It never hurts to apply. But you are likely have to work the bottom rung jobs for at least a short time. The best thing that you can do for yourself to get one of those higher positions is gain work experience. The easiest (and in some cases the only) way is to just find any job and work it for a few months to a year and tally up that IT time worked as a credential. Maybe you could get lucky like me and take my path. When I had a year left in college, I found someone running a small IT services shop and since he was too cheap to hire what most would call a "real" tech, and since he liked that I was in the middle of cisco classes, he took a chance on me. So I sort of skipped the helpdesk role and jumped right into field tech when he thought I was sufficiently trained.

    Concurrent to getting work experience, if you haven't started working on entry level certs, this would be the time. A+ (many times, a prerequisite if you have little expreience) and Net+ are a must. I like the Net+ for newbies because, in my experience, having that fundamental understanding of networking is critical to understanding the higher level certs and to grasping anything that touches a network in a production environment.

    If you don't have a degree of any kind, begin working on your two year now. You won't be able to get on the fast track unless you have some formal education.
    Aside from getting paper certifications, what else can I do in the mean time?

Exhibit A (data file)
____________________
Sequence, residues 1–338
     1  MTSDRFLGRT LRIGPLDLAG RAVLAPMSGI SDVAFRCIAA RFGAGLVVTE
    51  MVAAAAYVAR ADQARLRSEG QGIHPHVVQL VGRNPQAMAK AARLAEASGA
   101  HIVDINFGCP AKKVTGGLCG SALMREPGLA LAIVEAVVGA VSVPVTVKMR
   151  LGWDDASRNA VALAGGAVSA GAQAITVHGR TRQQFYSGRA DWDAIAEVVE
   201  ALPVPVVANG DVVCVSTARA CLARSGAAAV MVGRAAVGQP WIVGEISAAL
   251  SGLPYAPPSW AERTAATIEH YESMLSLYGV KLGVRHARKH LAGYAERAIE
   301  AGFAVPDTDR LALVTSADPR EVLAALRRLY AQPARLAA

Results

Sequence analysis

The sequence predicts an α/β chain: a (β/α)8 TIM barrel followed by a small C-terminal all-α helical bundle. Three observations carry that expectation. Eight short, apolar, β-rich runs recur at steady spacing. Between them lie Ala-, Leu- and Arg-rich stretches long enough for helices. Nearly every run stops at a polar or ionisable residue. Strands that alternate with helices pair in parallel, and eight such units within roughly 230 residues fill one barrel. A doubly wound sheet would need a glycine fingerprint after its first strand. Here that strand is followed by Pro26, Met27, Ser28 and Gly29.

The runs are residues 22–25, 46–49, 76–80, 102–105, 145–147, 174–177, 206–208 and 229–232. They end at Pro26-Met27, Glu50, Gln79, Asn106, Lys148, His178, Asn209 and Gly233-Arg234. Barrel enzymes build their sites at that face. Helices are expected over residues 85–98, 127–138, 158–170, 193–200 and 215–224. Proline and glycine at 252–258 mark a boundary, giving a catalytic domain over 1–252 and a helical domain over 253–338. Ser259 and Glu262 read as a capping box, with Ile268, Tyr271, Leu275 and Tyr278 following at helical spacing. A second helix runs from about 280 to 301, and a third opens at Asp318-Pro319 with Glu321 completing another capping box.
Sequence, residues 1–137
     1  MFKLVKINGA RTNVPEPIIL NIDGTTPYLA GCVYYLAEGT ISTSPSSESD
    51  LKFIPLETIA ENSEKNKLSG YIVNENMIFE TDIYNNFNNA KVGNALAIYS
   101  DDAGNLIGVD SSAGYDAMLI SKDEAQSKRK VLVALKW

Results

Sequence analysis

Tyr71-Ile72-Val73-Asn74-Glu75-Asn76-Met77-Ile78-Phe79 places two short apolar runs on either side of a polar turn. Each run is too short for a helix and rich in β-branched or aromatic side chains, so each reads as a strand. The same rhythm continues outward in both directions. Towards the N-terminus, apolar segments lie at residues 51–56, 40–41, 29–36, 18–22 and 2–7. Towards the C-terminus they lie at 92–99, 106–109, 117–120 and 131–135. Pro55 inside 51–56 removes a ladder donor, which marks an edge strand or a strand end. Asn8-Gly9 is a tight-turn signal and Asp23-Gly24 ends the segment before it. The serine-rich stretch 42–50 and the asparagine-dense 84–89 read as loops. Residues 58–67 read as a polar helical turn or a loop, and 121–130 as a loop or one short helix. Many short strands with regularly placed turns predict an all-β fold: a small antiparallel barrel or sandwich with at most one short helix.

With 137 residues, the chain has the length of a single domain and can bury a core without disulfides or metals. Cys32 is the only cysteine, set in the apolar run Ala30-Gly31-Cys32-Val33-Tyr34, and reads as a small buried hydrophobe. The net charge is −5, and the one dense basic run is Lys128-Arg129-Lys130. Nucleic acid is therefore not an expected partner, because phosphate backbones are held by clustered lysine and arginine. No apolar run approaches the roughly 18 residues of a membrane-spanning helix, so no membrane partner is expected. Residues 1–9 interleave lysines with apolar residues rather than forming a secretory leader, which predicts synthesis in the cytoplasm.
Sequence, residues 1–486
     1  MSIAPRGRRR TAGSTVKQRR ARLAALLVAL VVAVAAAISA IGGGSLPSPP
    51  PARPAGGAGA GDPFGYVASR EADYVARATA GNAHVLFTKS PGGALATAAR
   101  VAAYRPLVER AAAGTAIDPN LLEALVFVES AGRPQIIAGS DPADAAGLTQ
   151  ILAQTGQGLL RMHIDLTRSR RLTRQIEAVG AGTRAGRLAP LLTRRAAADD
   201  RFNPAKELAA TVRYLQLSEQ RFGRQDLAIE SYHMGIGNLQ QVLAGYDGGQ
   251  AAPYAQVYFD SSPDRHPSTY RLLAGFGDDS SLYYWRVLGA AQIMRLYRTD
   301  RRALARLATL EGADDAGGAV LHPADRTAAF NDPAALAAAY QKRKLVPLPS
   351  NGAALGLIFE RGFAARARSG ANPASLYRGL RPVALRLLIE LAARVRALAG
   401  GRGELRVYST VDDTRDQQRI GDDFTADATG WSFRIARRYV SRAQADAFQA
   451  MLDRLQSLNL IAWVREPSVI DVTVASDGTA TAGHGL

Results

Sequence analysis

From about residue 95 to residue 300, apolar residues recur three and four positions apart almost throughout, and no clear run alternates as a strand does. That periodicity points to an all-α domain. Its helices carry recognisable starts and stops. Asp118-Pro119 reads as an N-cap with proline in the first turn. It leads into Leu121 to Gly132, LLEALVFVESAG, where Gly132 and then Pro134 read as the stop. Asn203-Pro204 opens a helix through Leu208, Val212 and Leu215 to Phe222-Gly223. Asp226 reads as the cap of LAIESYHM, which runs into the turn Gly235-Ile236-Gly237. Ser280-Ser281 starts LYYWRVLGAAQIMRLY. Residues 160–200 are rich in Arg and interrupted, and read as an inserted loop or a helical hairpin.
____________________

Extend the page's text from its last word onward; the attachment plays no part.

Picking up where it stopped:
Working is the most important thing. Go to job fairs, find semi-related jobs like cabling, installing Internet services, maybe finding somewhere you can volunteer your services part time just for the experience. There isn't any thing else in the world that you could spend your time and resources that would benefit you more than just going out there and getting some work experience.

    Best of luck to you.
    IT guy since 12/00

    Recent: 11/2019 - RHCSA (RHEL 7); 2/2019 - Updated VCP to 6.5 (just a few days before VMware discontinued the re-cert policy...)
    Working on: RHCE/Ansible
    Future: Probably continued Red Hat Immersion, Possibly VCAP Design, or maybe a completely different path. Depends on job demands...
  • KGhaleonKGhaleon Member Posts: 1,347
    It's been that way for me...however, where I am there are tons of helpdesk jobs and few higher Tier 2(desktop support/hands on) type work. I'm not good with phones and have always had a social anxiety disorder that keeps me from being able to function properly in that kind of job. That's all people are offering though.

    To get by I took up a little $9/hr job a while back repairing computers and laptops. Good experience, but after a year it wasn't too impressive. I'm broke now and back looking for work since I left that job. :\